Rand Paul Aide Resigns After Confederate Views Stir Controversy

Controversial Rand Paul Aide Resigns

An aide to Sen. Rand Paul (R-Ky.) whose past remarks on the Confederacy and Abraham Lincoln stirred controversy earlier this month has resigned.

In an email to the Daily Caller posted Sunday evening, Jack Hunter said he has left Paul's office to further pursue a career in political punditry:

“I’ve long been a conservative, and years ago, a much more politically incorrect (and campy) one,” Hunter said in an email. “But there’s a significant difference between being politically incorrect and racist. I’ve also become far more libertarian over the years, a philosophy that encourages a more tolerant worldview, through the lens of which I now look back on some of my older comments with embarrassment.”

A Paul aide confirmed Hunter's resignation.

Hunter, a self-professed "Southern Avenger," came under fire after the Washington Free Beacon reported on his pro-Confederate views. Hunter, who co-wrote Paul's 2011 book, has said Lincoln assassin John Wilkes Booth's "heart was in the right place" and that he "raise[s] a personal toast every May 10" in honor of Booth's birthday. He also has worn a Confederate flag mask during public appearances.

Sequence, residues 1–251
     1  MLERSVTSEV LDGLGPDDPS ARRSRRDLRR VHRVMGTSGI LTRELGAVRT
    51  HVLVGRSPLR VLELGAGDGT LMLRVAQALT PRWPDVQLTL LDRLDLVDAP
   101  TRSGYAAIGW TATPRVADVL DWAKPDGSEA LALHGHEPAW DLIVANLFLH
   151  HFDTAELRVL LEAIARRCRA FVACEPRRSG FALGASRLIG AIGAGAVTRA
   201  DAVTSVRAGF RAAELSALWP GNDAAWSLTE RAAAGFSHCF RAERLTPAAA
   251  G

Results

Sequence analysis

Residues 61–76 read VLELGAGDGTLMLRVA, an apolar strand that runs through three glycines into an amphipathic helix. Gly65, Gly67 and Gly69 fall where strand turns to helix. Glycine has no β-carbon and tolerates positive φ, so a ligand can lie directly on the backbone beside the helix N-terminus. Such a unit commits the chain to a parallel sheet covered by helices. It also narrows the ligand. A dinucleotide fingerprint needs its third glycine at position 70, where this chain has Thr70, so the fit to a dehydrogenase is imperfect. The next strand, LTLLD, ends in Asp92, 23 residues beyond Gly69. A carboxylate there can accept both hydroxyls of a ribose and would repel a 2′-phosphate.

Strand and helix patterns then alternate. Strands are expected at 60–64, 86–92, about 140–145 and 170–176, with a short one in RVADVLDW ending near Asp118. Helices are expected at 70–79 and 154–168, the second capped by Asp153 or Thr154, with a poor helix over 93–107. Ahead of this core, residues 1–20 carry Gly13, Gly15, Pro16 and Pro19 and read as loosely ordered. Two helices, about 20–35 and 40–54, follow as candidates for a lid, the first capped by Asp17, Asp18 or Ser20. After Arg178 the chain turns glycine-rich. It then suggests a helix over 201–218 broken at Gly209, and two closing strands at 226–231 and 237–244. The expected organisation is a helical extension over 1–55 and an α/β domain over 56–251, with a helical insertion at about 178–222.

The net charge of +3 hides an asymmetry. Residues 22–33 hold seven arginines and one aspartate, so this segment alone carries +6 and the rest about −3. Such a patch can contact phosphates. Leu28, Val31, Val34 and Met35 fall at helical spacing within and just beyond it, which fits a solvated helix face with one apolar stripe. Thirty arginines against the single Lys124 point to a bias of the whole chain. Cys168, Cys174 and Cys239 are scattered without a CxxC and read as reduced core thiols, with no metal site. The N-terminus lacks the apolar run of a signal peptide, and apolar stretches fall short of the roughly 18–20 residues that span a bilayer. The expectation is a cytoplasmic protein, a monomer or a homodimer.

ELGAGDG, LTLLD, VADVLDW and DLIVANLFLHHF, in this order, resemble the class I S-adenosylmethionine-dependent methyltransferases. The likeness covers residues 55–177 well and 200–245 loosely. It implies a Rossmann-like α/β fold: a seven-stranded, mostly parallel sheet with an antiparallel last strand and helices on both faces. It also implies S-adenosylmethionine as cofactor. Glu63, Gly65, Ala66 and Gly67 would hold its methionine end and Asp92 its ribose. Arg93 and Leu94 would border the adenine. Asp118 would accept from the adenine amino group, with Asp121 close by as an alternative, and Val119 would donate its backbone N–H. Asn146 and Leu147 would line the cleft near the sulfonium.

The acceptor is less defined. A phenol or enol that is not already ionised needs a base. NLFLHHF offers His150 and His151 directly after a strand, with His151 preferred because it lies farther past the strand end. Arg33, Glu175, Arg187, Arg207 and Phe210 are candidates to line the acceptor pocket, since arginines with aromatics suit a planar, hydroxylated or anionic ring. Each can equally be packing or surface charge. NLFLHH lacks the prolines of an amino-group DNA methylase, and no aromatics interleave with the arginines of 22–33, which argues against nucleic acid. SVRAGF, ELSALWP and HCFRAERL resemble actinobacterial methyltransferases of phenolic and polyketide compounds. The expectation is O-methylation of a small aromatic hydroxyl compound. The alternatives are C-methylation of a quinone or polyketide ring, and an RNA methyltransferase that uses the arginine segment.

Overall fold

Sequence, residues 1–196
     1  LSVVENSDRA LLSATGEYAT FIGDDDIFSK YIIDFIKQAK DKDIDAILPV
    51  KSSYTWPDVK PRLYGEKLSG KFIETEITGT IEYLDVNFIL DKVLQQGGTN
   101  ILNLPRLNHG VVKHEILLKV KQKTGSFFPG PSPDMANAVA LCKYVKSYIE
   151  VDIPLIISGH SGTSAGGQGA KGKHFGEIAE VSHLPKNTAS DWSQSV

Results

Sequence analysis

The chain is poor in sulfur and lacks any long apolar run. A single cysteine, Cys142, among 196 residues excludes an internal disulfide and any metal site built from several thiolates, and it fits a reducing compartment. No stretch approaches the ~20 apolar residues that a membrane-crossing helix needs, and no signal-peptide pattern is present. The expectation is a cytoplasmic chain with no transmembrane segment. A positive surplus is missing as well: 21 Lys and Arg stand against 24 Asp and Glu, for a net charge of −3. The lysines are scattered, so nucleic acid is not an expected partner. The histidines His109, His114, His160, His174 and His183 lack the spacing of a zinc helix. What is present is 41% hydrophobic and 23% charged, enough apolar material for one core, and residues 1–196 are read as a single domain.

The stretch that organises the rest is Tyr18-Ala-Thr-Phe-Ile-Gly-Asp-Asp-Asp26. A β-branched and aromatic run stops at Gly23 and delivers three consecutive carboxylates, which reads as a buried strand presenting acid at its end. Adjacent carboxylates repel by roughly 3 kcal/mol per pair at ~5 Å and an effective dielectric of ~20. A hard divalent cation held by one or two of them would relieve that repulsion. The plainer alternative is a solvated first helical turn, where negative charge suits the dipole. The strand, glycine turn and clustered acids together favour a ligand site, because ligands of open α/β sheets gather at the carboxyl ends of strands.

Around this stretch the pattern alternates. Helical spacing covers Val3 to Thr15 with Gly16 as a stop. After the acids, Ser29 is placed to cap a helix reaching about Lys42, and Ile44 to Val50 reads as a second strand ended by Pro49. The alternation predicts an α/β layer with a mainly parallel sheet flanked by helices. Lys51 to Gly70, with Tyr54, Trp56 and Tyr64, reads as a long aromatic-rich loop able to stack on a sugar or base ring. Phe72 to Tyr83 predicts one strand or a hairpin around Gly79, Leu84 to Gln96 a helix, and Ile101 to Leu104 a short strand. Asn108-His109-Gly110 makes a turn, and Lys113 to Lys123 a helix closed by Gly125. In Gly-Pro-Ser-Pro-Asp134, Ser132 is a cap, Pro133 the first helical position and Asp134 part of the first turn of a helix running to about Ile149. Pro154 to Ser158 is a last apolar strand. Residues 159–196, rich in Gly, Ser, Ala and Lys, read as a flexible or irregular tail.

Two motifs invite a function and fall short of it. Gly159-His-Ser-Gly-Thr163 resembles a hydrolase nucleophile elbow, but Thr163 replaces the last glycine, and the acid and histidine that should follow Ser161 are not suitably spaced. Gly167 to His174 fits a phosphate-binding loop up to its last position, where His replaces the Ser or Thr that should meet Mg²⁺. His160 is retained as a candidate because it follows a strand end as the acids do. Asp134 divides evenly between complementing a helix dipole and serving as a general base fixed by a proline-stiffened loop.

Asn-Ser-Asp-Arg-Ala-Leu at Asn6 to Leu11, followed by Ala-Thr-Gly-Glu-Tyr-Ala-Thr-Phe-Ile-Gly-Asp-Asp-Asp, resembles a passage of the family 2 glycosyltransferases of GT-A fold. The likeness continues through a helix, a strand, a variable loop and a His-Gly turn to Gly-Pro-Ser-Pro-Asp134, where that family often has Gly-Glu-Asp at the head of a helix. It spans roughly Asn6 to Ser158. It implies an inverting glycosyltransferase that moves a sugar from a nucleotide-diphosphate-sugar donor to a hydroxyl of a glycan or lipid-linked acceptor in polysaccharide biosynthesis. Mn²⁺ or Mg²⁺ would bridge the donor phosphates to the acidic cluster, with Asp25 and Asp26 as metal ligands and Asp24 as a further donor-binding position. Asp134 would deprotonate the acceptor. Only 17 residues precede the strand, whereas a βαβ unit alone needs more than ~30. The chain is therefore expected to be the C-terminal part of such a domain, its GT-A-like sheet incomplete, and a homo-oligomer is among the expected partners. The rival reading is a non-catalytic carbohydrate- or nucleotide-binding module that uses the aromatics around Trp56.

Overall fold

Paul defended Hunter in an interview with The Huffington Post's Howard Fineman, calling his aide "incredibly talented," but acknowledging that his racially charged writings were "absolutely stupid."

“People are calling him a white supremacist,” Paul said. “If I thought he was a white supremacist, he would be fired immediately. If I thought he would treat anybody on the color of their skin different than others, I’d fire him immediately."

UPDATE: 11:20 ET-- Paul confirmed Monday that he and Hunter came to a "mutual decision" on the staffer's resignation, telling reporters that he hopes Hunter's tenure on his congressional staff won't stand in the way of the senator's efforts to broaden the Republican Party's appeal.

“I think everybody occasionally has people that work for them who sometimes have a background that damages what you’re trying to do,” Paul said. “But I think people can judge me on who I am and what I’m trying to do.”

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